Washington eviction notices are documents served on tenants of Washington State who have failed to pay rent, failed to comply with their lease, or have committed an unlawful act on the premises of a rental property. The landlord will be required to serve the notice in the manner described in detail in the Washington State Legislature, and they will be required to allow the tenant the amount of time indicated in the notice to vacate or remedy the breach (if applicable). A notice to quit can also be delivered to terminate a month-to-month tenancy, usually without cause.
Failure on the landlord’s part to provide notice and deliver it in the manner described by law will usually enable to the tenant to remain on the premises. Failure on the tenant’s part to vacate or remedy the breach will enable the landlord to file an unlawful detainer action against them in court.
3-Day Notice to Quit for Illegal Activity – Tenants can be served this notice if they’ve severely damaged the rental property, or conducted illegal activity/caused a nuisance on the premises.
10-Day Notice to Quit for Non-Compliance – This notice informs tenants that they have violated their lease agreement and that they must remedy the violation or leave the property within ten (10) days.
- Grace Period: Not mentioned in state statutes.
- Non-Payment of Rent (§ 59.12.030(3)): Fourteen (14) Days
- Lease Non-Compliance (§ 59.12.030(4)): Ten (10) Days
- Periodic Tenancy Termination (§ 59.18.200(1)(a)): Minimum Twenty (20) Days
- Nuisance, Waste, Unlawful Business, Illegal Activity (§ 59.12.030(5)+(7)): Three (3) Days
Landlords are required to follow a certain procedure when terminating a lease with a tenant. The drafting and service of a notice to quit must be executed precisely as described in the state statutes. Some cities have more protection for the tenants, requiring the landlord to give more notice or include certain language in their notices to quit. In most cases, if the landlord has grounds for eviction, they will be able to terminate a lease in a manner that provides the tenant with sufficient and justifiable time to move out and find a new dwelling.
Step 1 – Notice to Quit
If a landlord wishes to remove a tenant from the property, they must first provide the tenant with sufficient warning of the lease termination and the reason why they’re ending the tenancy. This warning can be delivered through a notice to quit, also called an eviction notice. The notice explains what the tenant has to do to retain tenancy, if possible, and the amount of time they have to fix the issue. In some cases, they will not be given the opportunity to resolve the breach of the lease agreement and will be forced to leave before the notice term is up.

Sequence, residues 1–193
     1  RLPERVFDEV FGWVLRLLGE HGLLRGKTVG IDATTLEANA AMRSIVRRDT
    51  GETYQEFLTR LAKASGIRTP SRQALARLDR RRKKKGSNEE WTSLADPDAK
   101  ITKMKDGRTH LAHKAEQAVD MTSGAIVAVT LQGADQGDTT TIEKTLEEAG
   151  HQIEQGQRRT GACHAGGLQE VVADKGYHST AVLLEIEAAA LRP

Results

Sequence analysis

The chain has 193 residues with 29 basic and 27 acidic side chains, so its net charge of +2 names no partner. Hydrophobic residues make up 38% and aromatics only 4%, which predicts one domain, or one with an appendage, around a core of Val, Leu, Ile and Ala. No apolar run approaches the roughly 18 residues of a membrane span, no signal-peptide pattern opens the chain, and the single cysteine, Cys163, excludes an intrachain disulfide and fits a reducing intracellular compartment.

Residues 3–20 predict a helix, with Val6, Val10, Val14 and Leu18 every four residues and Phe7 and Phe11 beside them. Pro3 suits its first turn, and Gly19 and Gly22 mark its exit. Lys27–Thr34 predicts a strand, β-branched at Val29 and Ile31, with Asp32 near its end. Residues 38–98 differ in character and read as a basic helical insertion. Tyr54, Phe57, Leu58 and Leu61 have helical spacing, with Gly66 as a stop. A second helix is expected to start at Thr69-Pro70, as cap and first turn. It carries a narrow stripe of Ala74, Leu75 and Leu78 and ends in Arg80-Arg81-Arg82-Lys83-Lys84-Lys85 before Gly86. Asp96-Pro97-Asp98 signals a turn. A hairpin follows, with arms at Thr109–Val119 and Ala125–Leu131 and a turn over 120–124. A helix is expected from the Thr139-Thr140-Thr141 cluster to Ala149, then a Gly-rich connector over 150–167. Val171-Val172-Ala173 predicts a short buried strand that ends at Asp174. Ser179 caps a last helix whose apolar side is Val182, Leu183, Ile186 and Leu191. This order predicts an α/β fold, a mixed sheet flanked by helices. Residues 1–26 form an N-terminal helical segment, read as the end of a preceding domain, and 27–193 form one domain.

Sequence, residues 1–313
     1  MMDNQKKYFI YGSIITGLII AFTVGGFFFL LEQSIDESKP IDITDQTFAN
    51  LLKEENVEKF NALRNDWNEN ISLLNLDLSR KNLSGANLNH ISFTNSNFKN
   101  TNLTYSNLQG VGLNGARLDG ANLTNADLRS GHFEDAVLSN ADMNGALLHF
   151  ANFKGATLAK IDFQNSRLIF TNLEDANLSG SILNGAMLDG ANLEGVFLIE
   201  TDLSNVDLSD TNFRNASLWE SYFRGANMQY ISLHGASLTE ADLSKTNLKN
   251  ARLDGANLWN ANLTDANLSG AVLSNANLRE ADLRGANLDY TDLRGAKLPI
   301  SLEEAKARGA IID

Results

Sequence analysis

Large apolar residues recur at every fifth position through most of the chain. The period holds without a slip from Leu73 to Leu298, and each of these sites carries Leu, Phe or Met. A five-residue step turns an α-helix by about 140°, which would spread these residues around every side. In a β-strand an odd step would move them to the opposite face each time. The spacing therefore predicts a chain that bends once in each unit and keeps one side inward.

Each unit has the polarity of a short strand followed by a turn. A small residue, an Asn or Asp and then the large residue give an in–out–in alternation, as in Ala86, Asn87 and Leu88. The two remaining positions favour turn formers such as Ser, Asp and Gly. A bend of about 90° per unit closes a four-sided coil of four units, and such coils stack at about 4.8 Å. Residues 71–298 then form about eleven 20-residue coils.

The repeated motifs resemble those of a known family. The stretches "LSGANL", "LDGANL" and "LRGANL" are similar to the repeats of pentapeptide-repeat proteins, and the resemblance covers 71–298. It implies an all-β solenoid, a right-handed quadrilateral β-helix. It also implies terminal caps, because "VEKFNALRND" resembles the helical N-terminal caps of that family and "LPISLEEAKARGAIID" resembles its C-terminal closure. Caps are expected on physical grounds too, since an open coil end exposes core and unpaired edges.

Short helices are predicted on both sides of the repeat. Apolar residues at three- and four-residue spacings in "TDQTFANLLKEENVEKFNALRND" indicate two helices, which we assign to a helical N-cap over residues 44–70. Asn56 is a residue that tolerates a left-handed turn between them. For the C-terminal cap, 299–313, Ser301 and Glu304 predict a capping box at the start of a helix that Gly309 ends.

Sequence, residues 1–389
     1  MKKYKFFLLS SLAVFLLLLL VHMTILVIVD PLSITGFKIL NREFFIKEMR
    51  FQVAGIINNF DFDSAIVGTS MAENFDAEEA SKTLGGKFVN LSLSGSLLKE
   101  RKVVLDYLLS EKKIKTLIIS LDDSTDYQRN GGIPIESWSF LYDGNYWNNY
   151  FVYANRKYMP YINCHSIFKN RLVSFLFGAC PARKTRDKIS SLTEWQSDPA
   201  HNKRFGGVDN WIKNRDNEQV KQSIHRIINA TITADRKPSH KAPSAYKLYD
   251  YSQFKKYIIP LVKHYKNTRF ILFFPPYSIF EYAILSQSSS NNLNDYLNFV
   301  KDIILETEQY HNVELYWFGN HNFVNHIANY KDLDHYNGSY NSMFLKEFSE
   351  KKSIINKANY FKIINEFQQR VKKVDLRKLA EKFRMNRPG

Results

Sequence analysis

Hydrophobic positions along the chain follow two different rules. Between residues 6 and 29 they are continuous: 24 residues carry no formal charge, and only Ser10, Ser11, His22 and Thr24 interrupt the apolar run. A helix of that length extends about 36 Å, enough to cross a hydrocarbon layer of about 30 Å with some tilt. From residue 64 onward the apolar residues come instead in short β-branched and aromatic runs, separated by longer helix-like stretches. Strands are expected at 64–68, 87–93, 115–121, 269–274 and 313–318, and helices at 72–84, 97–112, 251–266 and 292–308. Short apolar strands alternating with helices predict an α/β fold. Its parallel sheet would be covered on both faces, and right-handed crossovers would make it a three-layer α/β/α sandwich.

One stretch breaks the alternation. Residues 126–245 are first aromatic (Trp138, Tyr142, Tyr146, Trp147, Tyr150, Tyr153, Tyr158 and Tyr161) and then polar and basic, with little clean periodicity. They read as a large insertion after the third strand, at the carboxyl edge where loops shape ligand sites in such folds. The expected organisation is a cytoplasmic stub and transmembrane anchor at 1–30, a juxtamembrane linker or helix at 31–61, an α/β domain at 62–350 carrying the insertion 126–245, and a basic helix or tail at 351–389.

- 3-Day Notice to Quit for Illegal Activity
- 10-Day Notice to Quit for Non-Compliance
- 14-Day Notice to Quit for Non-Payment
- 20-Day Notice to Terminate Month-to-Month Tenancy
A notice to quit should be delivered in one of the following three (3) ways:
- By delivering the notice personally to the tenant;
- If the tenant is not there, by leaving it with someone of suitable age and sending a copy through the mail; or
- If someone of suitable age cannot be found, by affixing the notice to a conspicuous place and sending a copy through the mail.
If the tenant is being evicted for the non-payment of rent, the landlord can draft and serve a Payment or Sworn Statement Requirement (in accordance with RCW 59.18.375). This form demands that the tenant either pay the delinquent rent amount to the court registry or provide a written statement that details why they do not owe the money.
Step 4 – Order to Show Cause
The landlord can also petition the court with an Order to Show Cause in order to set a hearing date. The order will communicate to the tenant, once served, that a hearing date has been set and that they must attend or face a default judgment against them. It demands that the tenant prove why they should be permitted to stay on the premises.
Step 5 – Service of documents
There are a few ways that landlords can go about filing and serving the abovementioned forms. The Summons and Complaint must be served together; however, they can be served without first filing them with the court. In this scenario, the landlord would then await the tenant’s answer and in turn file with the court either a request for a default judgment or a request to schedule a hearing date depending on whether the tenant responded. The second service option is to file the Summons, Complaint, and Order to Show Cause with the court, then serve all three on the tenant. The Payment or Sworn Statement Requirement can be filed in conjunction with the other forms, or anytime after the complaint has been served.
The service requirements of the forms are slightly different than those for the prelawsuit notices to quit. A landlord may not serve the documents themselves, and they must use an individual who is not a party to the lawsuit and above the age of eighteen (18). The server can deliver the documents in the following ways:
- They can deliver the forms in person;
- Hand it to a person of suitable age and discretion who lives in the rental unit, and mail a copy, or;
- If none of the above are possible, they may prove to the court they exercised “due diligence,” post a copy of the notice on the premises, and mail a secondary copy to the tenant’s address.